Time went by…but the watch never sold.

Who can find a virtuous wife? 

      For her worth is far above rubies. (Prov. 31:10)

It is obvious that a wonderful masterpiece should not be sold for five dollars. Our immediate reaction is the same as the prestigious men in the story in that we wonder, “is there something wrong with the watch?” We can also understand the reaction of the watchmaker in that we would not want something we worked so hard on to end up in the hands of someone who would not treat it well.

The burning question in our minds right now is to the watchmaker: “Why are you selling your precious watch for so little?!”

Good question. God, as a watchmaker, has perfectly designed both our bodies and souls to be worth far more than we often “sell” them for. As young women, it should be our desire to be with a guy who takes care of us and treats us well, but as the prestigious men in the story, most Christian young men will hesitate to buy into a young lady who is selling herself for so little. On the other hand, the young men who are willing to pay so little, in the end, are not the men that will treat us for how much God designed us to be worth. Similarly, the watchmaker could not bear to see dirty hands wear his masterpiece.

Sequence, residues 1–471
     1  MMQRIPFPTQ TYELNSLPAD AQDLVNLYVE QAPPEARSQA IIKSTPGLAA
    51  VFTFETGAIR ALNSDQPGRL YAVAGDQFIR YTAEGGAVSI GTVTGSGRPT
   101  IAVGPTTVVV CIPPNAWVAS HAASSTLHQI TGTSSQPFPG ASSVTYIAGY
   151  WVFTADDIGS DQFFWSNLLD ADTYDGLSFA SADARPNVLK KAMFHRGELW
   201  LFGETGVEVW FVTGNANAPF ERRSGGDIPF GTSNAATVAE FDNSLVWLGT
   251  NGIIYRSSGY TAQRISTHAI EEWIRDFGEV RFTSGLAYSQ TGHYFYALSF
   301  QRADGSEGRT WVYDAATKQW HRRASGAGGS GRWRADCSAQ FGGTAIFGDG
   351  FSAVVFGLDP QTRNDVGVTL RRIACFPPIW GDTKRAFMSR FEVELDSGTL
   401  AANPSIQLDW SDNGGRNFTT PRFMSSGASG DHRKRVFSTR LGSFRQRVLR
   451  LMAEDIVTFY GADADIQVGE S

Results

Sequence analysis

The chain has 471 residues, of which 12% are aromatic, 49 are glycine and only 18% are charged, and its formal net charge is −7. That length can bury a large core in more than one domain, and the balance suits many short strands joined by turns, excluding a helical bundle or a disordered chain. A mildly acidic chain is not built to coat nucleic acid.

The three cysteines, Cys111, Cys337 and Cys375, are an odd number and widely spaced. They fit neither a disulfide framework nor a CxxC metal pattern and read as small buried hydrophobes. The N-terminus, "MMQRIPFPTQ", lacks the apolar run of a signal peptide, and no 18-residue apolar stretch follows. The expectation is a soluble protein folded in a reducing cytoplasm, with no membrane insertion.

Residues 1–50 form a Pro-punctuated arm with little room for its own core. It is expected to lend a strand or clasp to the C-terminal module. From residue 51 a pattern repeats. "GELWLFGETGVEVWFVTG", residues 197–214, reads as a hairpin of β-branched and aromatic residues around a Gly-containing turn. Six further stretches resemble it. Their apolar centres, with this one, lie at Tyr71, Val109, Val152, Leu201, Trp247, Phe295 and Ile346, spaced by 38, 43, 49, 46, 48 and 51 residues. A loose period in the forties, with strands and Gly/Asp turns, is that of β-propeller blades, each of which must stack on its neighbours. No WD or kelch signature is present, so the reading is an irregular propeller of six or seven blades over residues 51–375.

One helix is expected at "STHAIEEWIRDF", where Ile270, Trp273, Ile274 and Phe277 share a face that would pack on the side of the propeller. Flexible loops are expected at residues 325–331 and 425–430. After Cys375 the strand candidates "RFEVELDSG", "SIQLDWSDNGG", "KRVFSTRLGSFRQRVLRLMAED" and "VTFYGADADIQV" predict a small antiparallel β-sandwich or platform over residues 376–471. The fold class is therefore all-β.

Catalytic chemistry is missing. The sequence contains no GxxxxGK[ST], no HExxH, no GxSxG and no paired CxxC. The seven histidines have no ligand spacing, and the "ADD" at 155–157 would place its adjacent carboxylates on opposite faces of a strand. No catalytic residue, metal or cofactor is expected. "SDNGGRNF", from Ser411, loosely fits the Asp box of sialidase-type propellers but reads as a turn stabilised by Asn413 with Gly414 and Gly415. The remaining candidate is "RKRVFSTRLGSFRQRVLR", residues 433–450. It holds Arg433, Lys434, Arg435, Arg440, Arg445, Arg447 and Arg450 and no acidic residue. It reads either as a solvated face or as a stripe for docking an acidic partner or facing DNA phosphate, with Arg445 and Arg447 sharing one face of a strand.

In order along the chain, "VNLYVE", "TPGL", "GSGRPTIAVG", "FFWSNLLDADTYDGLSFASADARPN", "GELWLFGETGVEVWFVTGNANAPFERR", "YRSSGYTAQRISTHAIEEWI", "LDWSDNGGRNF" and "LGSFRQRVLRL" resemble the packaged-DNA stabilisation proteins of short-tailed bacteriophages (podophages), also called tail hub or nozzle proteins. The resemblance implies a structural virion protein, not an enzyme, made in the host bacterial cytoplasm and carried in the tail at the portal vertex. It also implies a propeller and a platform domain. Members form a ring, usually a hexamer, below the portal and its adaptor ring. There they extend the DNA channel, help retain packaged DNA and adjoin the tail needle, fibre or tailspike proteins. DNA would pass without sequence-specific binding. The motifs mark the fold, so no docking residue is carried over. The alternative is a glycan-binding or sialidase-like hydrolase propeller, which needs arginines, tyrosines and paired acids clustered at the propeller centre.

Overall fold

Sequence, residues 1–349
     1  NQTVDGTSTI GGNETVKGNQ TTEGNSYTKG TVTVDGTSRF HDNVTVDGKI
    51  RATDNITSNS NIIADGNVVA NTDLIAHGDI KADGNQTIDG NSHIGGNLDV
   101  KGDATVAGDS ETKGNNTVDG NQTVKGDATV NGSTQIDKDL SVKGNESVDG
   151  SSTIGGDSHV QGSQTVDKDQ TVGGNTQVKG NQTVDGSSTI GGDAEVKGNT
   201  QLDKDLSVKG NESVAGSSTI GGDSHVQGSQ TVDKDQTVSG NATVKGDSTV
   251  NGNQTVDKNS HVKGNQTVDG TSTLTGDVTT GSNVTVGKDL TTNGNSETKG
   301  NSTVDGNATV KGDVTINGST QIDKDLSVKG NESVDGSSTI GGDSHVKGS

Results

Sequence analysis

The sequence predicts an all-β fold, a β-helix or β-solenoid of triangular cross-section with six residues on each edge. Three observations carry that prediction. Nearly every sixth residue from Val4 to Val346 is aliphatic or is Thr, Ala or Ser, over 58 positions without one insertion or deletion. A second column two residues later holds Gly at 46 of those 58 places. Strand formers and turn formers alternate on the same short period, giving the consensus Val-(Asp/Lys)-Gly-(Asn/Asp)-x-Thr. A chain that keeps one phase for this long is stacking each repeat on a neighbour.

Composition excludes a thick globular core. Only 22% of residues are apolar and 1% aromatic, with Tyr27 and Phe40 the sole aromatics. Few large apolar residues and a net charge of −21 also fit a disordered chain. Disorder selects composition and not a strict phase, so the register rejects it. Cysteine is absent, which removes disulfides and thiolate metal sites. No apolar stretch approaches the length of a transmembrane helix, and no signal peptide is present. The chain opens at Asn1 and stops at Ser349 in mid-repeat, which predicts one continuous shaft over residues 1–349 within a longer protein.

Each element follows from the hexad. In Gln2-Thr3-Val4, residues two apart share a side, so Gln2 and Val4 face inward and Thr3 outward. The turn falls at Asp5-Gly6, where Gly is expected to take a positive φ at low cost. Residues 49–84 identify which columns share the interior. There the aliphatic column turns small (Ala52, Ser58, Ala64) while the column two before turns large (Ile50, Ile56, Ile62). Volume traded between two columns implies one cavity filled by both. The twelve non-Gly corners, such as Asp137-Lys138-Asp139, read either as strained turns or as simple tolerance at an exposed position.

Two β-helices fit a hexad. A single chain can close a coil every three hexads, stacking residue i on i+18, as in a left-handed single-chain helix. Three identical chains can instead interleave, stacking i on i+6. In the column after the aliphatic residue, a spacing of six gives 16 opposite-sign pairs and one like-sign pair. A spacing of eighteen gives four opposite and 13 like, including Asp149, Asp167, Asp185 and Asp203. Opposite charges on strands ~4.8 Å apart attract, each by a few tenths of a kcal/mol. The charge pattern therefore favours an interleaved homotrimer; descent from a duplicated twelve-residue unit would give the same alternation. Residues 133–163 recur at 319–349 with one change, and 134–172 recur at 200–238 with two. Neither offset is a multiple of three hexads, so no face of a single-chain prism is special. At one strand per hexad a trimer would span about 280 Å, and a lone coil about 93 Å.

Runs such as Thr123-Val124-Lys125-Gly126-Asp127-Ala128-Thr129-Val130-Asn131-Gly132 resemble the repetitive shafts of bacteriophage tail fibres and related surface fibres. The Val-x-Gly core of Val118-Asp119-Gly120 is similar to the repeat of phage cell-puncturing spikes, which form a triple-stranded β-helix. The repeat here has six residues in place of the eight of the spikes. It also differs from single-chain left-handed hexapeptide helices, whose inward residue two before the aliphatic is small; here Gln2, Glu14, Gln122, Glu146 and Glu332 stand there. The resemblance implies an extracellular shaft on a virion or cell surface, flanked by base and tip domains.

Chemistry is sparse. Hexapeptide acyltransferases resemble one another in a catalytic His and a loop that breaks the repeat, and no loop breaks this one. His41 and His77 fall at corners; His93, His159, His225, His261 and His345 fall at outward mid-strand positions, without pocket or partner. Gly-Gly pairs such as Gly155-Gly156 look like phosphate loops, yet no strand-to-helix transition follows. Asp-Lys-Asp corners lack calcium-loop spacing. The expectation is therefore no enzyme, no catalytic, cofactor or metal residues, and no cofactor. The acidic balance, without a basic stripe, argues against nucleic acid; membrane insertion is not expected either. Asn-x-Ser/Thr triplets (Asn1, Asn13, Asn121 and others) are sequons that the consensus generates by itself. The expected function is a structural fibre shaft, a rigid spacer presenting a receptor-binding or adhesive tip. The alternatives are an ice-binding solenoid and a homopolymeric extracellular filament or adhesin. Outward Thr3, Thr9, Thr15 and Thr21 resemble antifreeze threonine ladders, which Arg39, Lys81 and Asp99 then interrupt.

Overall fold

So, how much are you selling yourself for?

A watch like the one in our story is worth a lot. But if it is taken care of, it will last a lifetime, and so it is worth the price. Similarly, someone that we can grow with and make it to heaven with is worth paying the price of the promise of “till death do we part.”

Marriage. 

How does that word make you feel? Does it sound old fashioned? Too traditional? Are you troubled by the thought of “one person for life?!”

Recently, I was listening to a local talk radio show where the topic was marriage and how people in the “new generation” feel about it. One young man called in and commented that he and his girlfriend had been living together for years and he wasn’t planning on ever getting married. He commented that some of his friends had gone and done the “marriage thing” but that it only ruined their relationships and half of them were already divorced.